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NEWS UPDATES Asean Affairs    28 September  2012

Central, south Thailand regions warned of more floods


Meteorological officials are warning of flooding in the central region and the south, with heavy rain continuing for the next two days or so.

Similar to the situation in Bangkok, roads were inundated in Phuket town yesterday, with flood waters ranging from 50-100 centimetres high at the Patong Hospital intersection. The Loma intersection and some portions of Thavevong and Sainamyen roads were also flooded.

"The southern provinces along the Andaman Sea will see more rain and downpours until early October," Wanchai Sak-udomchai, head of the weather bureau in Songkhla, said yesterday.

Residents of areas prone to flooding and landslides must be on the alert, Wanchai said.

In Bangkok, officials were waiting to hear from the Meteorological Department as to whether rainfall in the capital would increase tenfold over the next five days as suggested by some forecasts.

"If the rainfall will really be that huge, we will have to be ready for what will happen," said Sanya Sheenimit, the head of Bangkok Metropolitan Administration (BMA) Drainage and Sewerage Department. He explained that the capital's drainage system could accommodate just 60 millimetres of rainfall per day.

Statistics show that rainfall in Bangkok this month alone has been the highest in 50 years, with more than 130mm recorded in some parts of the city in one day.

Science Minister Plodprasob Surassawadee, the chairman of the Water and Flood Management Commission, chastised the BMA for failing to prevent the floods.

Bangkok roads have turned into rivers in the past few weeks after hours-long downpours. Vibhavadi-Rangsit Road has been especially susceptible to flooding.

"It is necessary that relevant authorities urgently dredge the sewage pipes and improve the drainage network," Plodprasob said.

Speaking in his capacity as a Bangkok MP, Information and Communications Technology Minister Anudith Nakornthap said he suspected that many of the city's main and secondary roads were inundated because the BMA had failed to complete the dredging of sewers.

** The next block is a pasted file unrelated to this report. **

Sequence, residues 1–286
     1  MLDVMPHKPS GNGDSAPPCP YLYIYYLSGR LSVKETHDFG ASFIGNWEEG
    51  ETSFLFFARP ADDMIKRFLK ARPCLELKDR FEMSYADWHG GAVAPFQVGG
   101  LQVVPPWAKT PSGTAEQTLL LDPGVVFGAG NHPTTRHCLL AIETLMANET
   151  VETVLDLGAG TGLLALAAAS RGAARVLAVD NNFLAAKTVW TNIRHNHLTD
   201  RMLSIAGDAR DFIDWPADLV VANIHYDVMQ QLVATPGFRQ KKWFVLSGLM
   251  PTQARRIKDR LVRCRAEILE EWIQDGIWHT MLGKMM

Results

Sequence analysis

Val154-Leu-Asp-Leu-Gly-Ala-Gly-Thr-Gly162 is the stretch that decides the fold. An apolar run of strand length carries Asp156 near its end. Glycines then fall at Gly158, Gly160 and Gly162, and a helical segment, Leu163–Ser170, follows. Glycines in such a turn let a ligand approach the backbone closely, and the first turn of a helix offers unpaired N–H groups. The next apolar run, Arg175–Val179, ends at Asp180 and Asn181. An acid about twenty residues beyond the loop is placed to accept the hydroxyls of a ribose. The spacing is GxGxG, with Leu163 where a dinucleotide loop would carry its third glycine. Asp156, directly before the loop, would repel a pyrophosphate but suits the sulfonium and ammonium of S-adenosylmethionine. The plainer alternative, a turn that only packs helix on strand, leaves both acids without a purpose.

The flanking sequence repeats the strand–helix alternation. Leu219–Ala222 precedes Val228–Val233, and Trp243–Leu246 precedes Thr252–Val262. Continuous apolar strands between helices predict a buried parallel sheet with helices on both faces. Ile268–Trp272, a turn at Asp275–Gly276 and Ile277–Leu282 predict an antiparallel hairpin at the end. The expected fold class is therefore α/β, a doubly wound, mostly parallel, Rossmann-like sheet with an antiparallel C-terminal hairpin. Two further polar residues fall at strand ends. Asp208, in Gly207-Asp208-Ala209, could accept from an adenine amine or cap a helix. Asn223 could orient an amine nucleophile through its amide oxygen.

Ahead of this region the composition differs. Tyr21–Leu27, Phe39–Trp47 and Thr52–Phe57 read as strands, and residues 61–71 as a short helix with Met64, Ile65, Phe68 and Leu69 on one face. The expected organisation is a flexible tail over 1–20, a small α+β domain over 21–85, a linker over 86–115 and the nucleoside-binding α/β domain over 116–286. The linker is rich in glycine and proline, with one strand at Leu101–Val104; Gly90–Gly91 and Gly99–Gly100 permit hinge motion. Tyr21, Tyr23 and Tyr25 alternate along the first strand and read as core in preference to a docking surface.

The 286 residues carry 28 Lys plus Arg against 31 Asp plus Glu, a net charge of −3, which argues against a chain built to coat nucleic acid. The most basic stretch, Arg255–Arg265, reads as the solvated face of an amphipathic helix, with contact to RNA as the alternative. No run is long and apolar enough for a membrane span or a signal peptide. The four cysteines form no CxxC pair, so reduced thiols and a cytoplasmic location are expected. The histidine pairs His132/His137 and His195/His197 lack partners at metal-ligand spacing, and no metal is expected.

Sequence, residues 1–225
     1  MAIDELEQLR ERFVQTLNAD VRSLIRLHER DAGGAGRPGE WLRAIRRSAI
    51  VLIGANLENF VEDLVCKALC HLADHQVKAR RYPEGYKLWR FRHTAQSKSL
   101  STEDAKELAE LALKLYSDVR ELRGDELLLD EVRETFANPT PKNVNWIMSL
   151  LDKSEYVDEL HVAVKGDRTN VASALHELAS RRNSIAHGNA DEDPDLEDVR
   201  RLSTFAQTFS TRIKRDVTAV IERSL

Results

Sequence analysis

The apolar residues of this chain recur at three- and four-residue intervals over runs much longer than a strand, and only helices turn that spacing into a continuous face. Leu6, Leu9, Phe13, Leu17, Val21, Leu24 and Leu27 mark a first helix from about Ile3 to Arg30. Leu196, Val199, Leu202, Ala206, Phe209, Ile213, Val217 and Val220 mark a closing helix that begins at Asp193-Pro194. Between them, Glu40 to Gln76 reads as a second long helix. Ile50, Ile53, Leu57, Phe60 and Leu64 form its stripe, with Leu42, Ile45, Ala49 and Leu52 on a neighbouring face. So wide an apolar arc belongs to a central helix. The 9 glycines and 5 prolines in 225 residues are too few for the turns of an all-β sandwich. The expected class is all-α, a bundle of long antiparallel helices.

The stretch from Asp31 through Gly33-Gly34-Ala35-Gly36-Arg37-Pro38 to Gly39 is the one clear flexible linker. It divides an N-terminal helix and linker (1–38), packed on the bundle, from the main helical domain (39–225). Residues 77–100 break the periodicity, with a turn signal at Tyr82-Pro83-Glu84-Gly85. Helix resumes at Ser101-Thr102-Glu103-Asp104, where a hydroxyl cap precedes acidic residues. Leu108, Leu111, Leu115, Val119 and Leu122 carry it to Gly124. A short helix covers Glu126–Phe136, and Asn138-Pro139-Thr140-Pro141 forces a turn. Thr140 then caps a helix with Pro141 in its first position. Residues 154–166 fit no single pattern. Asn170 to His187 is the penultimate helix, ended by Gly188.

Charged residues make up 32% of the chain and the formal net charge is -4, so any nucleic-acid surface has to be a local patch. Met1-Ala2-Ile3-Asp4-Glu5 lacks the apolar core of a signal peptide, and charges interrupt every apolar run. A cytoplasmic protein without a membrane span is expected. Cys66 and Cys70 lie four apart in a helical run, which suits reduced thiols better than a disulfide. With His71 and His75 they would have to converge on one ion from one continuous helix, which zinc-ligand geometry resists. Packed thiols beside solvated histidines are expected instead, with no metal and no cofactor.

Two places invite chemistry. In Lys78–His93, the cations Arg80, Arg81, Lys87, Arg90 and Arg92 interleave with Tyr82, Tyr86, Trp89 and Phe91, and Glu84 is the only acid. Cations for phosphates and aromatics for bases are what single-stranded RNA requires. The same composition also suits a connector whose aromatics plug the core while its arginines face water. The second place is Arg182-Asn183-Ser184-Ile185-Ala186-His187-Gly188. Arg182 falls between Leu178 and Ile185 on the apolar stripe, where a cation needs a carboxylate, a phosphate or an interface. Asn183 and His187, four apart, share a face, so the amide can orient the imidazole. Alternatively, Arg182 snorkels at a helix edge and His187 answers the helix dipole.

According to the BMA Drainage and Sewerage Department, dredging operations under BMA supervision were 85.15 per cent complete as of July 20. On the same day, the Corrections Department said it had completed its assigned dredging.

"The government has allocated a budget of 1.96 billion baht (US$63.2 million) to the BMA for this purpose. So why hasn't it completed its task?" Anudith said.

He said all areas covered by the Corrections Department's dredging were not flooded by downpours, except the Phra Pipit intersection, where sewer pipes are small.

"The problem is not clogged pipes," he said.

Intanon Jannilla, an engineer at Srinakharinwirot University on Sukhumvit Soi 23, said the campus faced flooding whenever there was heavy rain for more than an hour.

"The university has dredged its pipes but the BMA has not. We have now contacted the BMA for help in dredging the sewer pipes on Soi 23 and nearby areas," he said.

Anudith said he did not believe the BMA's claim that it had already dredged the sewers because policemen and the Corrections Department found many empty bags with the BMA emblem in the pipes in areas to be covered by the city administration's dredging.
"Those bags were sandbags that the BMA used during last year's flood crisis," he said. "Clearly, the BMA has not yet dredged all the pipes assigned to it."
Metropolitan Police Commissioner Lt-General Khamronwit Thoopkrajang instructed residents of areas needing drains cleaned to contact the Corrections Department.
"The department can provide inmates for the operations. We have to focus on roads repeatedly hit by flood water such as Ratchadaphisek, Sri Ayutthaya and Samsen," he said.
Flooding is a major concern in many provinces. In Ranong, residents of 84 villages have been warned of flash floods and mudslides over the next few days.
In Ayutthaya, a flood drill was conducted at the Saha Rattana Nakorn Industrial Estate, which was hit hard by flooding last year.

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This year in Thailand-what next?

AseanAffairs   04 January 2011
By David Swartzentruber      

It is commonplace in journalism to write two types of articles at the transition point between the year that has passed and the New Year. As this writer qualifies as an “old hand” in observing Thailand with a track record dating back 14 years, it is time take a shot at what may unfold in Thailand in 2011.

The first issue that can’t be answered is the health of Thailand’s beloved King Bhumibol, who is now 83 years old. He is the world's longest reigning monarch, but elaborate birthday celebrations in December failed to mask concern over his health. More


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